How Gifted Students Can Function at Maximum Capacity
This fall, in our Person of SIGnificance Series, we brought attention to the recognition of the social and emotional needs of gifted, talented, and creative young people through honoring Dr. James Webb, a leading psychologist in this field.
At SIG, the social and emotional needs of our students are as important to us as their academic needs, which are obviously also very critical to their sense of wellbeing. But if one is to be truly happy, all parts of who we are must be engaged. You might think of our goal as helping young people learn to fire on all cylinders, in other words, we want gifted students to be functioning at their maximum capacity.
So what are those cylinders?
- Gaining awareness about themselves through problem solving, goal-setting, and being allowed to make choices that fit who they are. This cylinder assists with increasing self-esteem and empowerment, which helps us to know, understand, and be comfortable with who we are and what we might become.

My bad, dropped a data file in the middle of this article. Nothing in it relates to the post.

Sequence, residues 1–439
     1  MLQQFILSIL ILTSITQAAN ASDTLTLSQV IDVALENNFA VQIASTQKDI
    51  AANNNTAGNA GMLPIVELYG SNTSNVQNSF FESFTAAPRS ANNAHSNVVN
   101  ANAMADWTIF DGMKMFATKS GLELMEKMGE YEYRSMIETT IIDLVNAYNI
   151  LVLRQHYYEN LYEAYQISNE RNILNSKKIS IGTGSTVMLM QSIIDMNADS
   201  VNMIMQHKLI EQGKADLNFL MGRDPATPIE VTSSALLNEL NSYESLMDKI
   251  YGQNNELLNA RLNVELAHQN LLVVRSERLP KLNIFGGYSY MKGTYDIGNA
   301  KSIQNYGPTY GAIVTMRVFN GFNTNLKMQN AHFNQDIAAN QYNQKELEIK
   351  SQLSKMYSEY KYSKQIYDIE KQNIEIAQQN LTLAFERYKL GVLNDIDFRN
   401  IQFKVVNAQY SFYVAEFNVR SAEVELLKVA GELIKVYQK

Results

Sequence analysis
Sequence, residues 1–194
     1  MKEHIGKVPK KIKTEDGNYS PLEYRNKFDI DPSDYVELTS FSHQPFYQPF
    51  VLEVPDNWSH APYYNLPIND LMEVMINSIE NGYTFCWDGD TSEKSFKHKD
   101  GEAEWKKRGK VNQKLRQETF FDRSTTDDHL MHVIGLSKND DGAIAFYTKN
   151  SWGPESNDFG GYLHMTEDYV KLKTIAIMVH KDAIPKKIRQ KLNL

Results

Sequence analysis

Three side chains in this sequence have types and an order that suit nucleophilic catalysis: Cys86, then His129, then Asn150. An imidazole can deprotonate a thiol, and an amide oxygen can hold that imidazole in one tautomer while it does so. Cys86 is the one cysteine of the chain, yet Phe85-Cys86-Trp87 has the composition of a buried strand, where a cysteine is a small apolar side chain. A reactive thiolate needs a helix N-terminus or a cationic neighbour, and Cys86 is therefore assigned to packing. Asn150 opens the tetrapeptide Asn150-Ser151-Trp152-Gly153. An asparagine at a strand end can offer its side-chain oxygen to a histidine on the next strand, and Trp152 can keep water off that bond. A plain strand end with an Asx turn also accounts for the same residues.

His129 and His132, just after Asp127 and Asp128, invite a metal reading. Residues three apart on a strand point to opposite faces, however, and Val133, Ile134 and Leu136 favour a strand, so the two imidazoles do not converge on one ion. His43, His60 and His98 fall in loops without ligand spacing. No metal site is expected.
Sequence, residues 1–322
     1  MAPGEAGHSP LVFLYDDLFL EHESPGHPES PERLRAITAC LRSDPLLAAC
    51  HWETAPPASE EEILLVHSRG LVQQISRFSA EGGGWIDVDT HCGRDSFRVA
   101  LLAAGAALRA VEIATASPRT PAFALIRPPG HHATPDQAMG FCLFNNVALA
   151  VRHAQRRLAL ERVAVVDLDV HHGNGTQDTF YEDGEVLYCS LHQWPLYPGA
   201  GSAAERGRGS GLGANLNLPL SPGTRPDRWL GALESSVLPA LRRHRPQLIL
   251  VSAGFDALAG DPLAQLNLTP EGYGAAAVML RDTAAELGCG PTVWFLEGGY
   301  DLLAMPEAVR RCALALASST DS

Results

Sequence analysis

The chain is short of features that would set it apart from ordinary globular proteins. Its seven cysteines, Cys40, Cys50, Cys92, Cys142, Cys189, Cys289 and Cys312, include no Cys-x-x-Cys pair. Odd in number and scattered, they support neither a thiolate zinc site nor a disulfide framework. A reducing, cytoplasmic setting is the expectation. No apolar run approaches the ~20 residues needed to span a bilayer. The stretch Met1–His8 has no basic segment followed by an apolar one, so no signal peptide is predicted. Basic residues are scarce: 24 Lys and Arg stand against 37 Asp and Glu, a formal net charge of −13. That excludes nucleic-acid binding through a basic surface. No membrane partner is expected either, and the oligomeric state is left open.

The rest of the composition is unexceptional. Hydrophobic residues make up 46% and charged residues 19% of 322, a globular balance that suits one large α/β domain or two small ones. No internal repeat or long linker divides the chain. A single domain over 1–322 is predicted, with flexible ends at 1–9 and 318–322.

- Connecting with others—gifted students need time and opportunity to be with like-minded individuals in both social and intellectual settings. Our alumni often tell us that the best part of their experience at SIG was the meaningful and long-term friendships they made.
- Finally, the remaining cylinder has to do with the support that we can provide as parents, teachers, and community members as we strive to understand each student’s individual needs, provide them with the services they need, and help to educate others about those needs.
If we choose to help gifted students fire up all cylinders of their lives, these young people will be supported in the development of their talents, which can result in significant, positive, personal and societal consequences. Isn’t that a goal we can all get behind? We thank you in advance for doing your part.
All the best,